Every day there are three things, none worth devoting an individual post to, but each worth at least mentioning.
1) Baseball games are too long. Again. I'm all for the continuing evolution of a sport as it institutionally tries to reach new fans, and more of them, and I think we make too many things in every sport out to be sacred. If we really cherished the fact that baseball games are supposed to lat nine innings, why do so many people leave the ballpark after seven? Games are better when there's more action, more content, more, you know, stuff. I get it.
Major League Baseball is looking into whether the intentional walk should be eliminated - a move that would have almost no impact on the length of games - and whether the strike zone should be raised in an effort to get more balls put in play, which would create more action.
I'll admit that I'm not the guy MLB should be trying to reach. I like the way baseball is played now, and I'm in no hurry to leave the ballpar when I go. Games could last five hours as far as I'm concerned. The beauty of the sport is that it can be background noise. Give me a ballgame, a cold one, good friends, and fun conversation and take as long to play the damn game as you please.
But here's my thing.....Major League Baseball is coming off of a remarkable World Series, and has more young players doing incredible things than ever, and yet the two times that the sport has been pushed to the front and center this winter is when we've debated the Hall of Fame credentials of players who haven't played in at least five years, or when the sport is actively reminding us what's wrong with it. MLB should be cramming Mike Trout and Kris Bryant down our throats, and yet here it is reminding us once again the problems with the product.
Doesn't seem like sound strategy.
2) Hoops. Kentucky won last night, broke out a nifty press early against a crappy LSU team, played well for a stretch, then farted around for the final ten minutes or so, failing to dissuade those who want to write the Wildcats' obituary in February. Against arguably the worst team in the SEC, UK's defensive deficiencies continued to show, and for as much as John Calipari talked about a re-boot, the Wildcats still look uninterested in sustained effort and each other.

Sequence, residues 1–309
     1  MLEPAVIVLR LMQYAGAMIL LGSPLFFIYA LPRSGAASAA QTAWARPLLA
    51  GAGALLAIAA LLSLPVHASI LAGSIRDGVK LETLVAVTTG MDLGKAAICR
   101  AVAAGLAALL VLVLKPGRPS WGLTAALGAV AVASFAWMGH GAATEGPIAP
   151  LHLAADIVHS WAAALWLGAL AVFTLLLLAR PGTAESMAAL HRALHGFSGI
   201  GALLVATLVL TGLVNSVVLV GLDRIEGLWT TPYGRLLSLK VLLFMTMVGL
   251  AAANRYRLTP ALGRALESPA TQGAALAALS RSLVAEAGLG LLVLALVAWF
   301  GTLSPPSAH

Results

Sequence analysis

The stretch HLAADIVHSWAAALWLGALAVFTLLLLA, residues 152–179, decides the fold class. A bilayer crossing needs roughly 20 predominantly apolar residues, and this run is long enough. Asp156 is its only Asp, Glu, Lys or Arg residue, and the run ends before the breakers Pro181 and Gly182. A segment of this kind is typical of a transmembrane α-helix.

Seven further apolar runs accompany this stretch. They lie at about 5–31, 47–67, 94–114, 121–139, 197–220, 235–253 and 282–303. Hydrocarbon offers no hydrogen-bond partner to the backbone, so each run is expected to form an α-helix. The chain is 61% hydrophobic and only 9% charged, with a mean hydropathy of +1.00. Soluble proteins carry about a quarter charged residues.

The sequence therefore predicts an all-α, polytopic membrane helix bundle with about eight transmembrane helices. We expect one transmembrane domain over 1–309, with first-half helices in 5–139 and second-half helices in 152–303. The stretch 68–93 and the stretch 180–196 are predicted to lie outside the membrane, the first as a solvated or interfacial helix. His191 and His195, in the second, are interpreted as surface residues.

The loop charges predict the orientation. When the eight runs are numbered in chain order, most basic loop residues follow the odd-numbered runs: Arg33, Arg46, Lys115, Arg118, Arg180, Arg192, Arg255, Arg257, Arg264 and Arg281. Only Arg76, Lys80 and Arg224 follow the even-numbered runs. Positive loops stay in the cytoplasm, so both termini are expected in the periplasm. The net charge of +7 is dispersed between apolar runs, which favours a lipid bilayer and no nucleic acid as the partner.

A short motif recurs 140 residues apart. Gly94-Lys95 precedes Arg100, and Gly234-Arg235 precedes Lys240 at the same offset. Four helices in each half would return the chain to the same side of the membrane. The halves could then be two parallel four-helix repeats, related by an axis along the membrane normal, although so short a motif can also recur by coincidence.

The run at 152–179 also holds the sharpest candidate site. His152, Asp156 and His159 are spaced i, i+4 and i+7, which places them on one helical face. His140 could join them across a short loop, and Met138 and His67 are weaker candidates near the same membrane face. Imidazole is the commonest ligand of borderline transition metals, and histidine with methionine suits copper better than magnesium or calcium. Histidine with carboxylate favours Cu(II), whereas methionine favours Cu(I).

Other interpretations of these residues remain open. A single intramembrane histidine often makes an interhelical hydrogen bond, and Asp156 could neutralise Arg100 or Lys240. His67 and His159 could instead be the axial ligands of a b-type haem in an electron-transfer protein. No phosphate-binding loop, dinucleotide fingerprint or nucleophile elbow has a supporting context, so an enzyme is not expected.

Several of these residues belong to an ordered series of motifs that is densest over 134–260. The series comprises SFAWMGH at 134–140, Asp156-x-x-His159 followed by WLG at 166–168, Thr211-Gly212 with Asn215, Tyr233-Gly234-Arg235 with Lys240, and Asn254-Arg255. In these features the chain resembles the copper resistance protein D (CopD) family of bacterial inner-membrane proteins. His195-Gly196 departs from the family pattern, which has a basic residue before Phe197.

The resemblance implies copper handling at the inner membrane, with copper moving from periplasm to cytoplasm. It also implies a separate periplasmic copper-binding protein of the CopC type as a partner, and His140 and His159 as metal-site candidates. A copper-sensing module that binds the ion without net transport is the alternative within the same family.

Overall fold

All of that said, I agree with Gary Parrish of CBS Sports, who uses history in cautioning against writing off Kentucky.
The Dayton Flyers looked equally uninterested in disposing of a short-handed St. Joseph's team.
The Xavier Musketeers have no truly awful losses - Colorado is their worst, and the Buffaloes RPI is currently right at 100. An L against a really, really bad DePaul team would qualify as a resume black mark.
The Bearcats play a halfway-okay Central Florida team that has a 7-6 guy named Tacko.
If UC wins tonight, and then at SMU on Sunday, the big topic for worried Bearcats fans will turn into whether it'd be good for the Bearcats to lose before March to stave of complacency, and remind the guys of their lack of invincibility.
The answer is, and will be, no. Let's give Mick the benefit of the doubt here...he's keeping his foot on the gas with this team, and I think few coaches are as good as Mick at driving home points during the good times. The idea is to improve and win at the same time. If you need to lose for a lesson to be learned, you're the dumb one.
3) Christie Brinkley. I'm allowed to like this, right?
I'm kinda just filling the space this morning.
Radio Show: I'll kinda just fill the space today on ESPN1530.